The Leconfield Estates continue to own much of Petworth and the surrounding area. The contents of the house, in particular the paintings and sculptures, are now the property of the National Trust having been taken in lieu of accumulated death duties.

Lord Egremont and his family live in the south wing, allowing much of the remainder to be open to the public. Lady Egremont has restored the gardens.

Today's building houses an important collection of paintings and sculptures, including 19 oil paintings by J. M. W. Turner (some owned by the family, some by Tate Britain), who was a regular visitor to Petworth, paintings by Van Dyck, carvings by Grinling Gibbons and Ben Harms, classical and neoclassical sculptures (including ones by John Flaxman and John Edward Carew), and wall and ceiling paintings by Louis Laguerre. There is also a terrestrial globe by Emery Molyneux, believed to be the only one in the world in its original 1592 state

comments (12)

Nice hats.....
Chris: Damn hot Frank, low 20s..
  • Ray
  • Thailand
  • 28 Jun 2015, 04:50
Lord Egremont looks a lot like an SC buddy of mine...
Chris: I am trying to uphold all I hold most dear in this sovereign nation of ours Ole Sport..
  • Philine
  • Germany
  • 28 Jun 2015, 06:56
Oh, fine that you show us Lord Christopher W. Egremont and Lady K. Egremont in their resting behaviour! Many,many years ago I visited this "important collection of paintngs and sculptures" ...
Chris: We found the interior of the place to be overwhelming and completely lacking in energy Philine, but the grounds, the servants' quarters and the ice creams were good..
  • Philine
  • Germany
  • 28 Jun 2015, 07:39
Yes, you are right - I wished we could liberate the wonderful paintings from this traditional, dusty, museal atmosphere!
Chris: There was no lightness, no airiness about this place Philine
  • Alan
  • United Kingdom
  • 28 Jun 2015, 07:42
Are these fine people descendants of the Percy family? The gentleman looks very aristocratic and can just imagine him on the nearby polo fields having a chukka or two.

I take exception to the description of Alnwick Castle bing near Scotland, though. That;s is like saying "Brighton, near France". Alnwick is in Northumberland, ENGLAND, and the castle of Warkworth, near Alnwick, was my first discovery of the Percy family.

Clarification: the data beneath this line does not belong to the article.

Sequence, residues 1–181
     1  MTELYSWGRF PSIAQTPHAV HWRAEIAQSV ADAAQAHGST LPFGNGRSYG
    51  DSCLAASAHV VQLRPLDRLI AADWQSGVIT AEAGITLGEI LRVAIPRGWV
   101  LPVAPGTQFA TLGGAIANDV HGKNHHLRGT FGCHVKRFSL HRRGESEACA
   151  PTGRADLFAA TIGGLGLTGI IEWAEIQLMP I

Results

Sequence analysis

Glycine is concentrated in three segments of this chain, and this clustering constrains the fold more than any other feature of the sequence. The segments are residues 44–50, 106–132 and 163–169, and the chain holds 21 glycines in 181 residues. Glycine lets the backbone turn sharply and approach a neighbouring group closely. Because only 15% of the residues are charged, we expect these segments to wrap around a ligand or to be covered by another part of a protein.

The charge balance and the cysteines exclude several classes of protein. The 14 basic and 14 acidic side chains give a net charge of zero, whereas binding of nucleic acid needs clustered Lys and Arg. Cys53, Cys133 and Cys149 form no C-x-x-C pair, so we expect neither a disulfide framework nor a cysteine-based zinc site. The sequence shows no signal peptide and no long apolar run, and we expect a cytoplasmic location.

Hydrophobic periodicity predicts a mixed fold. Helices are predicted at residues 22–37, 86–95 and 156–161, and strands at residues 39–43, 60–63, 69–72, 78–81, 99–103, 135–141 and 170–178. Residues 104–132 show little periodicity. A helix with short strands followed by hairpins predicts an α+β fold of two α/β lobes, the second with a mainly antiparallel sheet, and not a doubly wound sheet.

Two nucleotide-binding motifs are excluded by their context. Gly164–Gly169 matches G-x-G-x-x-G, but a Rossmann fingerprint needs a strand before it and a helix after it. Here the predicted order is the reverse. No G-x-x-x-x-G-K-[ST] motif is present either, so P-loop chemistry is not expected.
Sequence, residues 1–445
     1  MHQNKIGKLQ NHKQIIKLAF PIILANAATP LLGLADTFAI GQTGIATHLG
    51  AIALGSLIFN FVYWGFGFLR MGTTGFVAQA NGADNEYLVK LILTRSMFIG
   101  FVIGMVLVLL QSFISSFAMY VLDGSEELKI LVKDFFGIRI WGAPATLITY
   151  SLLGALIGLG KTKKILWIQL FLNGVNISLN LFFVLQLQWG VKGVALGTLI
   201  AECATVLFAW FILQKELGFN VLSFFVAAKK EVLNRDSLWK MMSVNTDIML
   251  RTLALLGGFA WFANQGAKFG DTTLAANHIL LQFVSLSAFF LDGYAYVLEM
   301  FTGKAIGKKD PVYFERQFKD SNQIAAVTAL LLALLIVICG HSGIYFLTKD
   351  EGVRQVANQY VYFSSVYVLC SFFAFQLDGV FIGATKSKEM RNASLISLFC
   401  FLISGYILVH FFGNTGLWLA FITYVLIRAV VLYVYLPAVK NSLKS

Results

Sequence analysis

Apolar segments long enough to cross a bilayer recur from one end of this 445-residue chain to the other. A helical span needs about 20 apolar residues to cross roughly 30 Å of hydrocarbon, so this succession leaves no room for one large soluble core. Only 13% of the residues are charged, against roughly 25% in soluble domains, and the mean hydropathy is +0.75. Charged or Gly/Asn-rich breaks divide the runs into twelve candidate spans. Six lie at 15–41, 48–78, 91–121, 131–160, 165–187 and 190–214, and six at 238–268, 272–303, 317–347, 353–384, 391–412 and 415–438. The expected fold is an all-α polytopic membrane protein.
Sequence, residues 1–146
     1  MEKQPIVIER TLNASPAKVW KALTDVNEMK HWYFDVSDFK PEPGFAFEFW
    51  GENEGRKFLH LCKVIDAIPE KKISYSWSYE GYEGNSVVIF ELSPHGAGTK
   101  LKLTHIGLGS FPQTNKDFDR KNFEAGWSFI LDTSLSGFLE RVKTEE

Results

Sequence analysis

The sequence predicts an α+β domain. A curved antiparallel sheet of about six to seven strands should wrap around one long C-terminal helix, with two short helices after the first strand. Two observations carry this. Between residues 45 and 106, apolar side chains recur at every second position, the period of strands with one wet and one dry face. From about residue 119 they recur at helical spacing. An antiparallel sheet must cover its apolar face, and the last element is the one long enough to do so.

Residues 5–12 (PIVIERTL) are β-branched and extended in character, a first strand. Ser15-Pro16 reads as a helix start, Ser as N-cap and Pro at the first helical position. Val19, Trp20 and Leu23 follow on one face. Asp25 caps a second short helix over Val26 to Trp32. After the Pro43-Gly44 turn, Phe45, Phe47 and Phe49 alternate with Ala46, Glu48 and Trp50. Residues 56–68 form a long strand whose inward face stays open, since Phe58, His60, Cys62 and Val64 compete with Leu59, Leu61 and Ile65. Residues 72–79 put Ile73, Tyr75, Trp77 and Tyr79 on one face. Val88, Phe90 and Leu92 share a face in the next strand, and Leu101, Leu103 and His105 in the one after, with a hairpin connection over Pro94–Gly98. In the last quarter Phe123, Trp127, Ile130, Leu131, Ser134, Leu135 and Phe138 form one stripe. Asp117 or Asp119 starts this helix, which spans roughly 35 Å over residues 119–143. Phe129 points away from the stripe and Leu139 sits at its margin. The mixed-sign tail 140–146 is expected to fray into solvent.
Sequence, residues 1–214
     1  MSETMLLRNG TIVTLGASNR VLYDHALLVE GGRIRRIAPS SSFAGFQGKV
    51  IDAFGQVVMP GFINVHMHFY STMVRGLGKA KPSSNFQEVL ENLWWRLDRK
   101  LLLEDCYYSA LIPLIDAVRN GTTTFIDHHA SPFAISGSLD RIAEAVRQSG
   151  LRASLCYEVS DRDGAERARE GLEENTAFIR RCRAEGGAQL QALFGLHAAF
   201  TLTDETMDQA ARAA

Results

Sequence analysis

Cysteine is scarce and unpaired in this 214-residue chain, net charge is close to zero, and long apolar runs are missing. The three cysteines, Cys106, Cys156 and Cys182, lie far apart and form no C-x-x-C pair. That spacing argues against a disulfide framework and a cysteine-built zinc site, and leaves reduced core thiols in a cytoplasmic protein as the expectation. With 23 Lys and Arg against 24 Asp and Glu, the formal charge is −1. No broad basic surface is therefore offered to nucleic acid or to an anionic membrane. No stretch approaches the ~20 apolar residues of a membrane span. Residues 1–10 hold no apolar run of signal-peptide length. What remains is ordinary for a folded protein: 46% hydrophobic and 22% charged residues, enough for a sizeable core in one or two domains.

Chris: Quite so. I may have copied & pasted this but I didn't compose it..
It was the perfect day for a visit to Sussex. I can't remember if we have been to Petworth or not
Chris: Interesting as a one off visit
  • Philine
  • Germany
  • 28 Jun 2015, 09:21
There is some similarity to the painting by Turner: http://www.tate.org.uk/art/artworks/turner-petworth-housefigures-in-the-white-library-possibly-lord-egremont-d22749
The park was landscaped by Capibility Brown - it was a garden tour I joined when I was in Petworth House and Gardens.
Chris: The landscaping was one of Capability Brown's greatest triumphs
  • Richard T
  • Suffolk: where the sun rises first in England
  • 28 Jun 2015, 11:01
Who's hat have you nicked
Chris: I bought it with my own money for many pennies
You are both looking very summery. Love the hats
Chris: It's called making the best of it..
You do both really look the part here Chris. We went to Claydon House near Buckingham on Tuesday and that wasn't the most inspiring of houses.
Chris: These things are all a matter of pot luck aren't they
  • Lisl
  • England
  • 28 Jun 2015, 18:29
I must admit it is not often one sees you SITTING DOWN, Chris
Chris: Even a young person as myself has to do this thing occasionally Lisl
Elizabeth and Charles are looking well - considering their age!
Chris: They are now in their dotage Tom

Leave a comment

must fill in
[stop comment form]
show
for this photo I'm in a any and all comments icon ShMood©
camera DSC-RX100
exposure mode full manual
shutterspeed 1/800s
aperture f/7.1
sensitivity ISO400
focal length 10.4mm
AVON VALLEYAVON VALLEY
YESTERDAYYESTERDAY
SHEEP SATURDAYSHEEP SATURDAY

Warning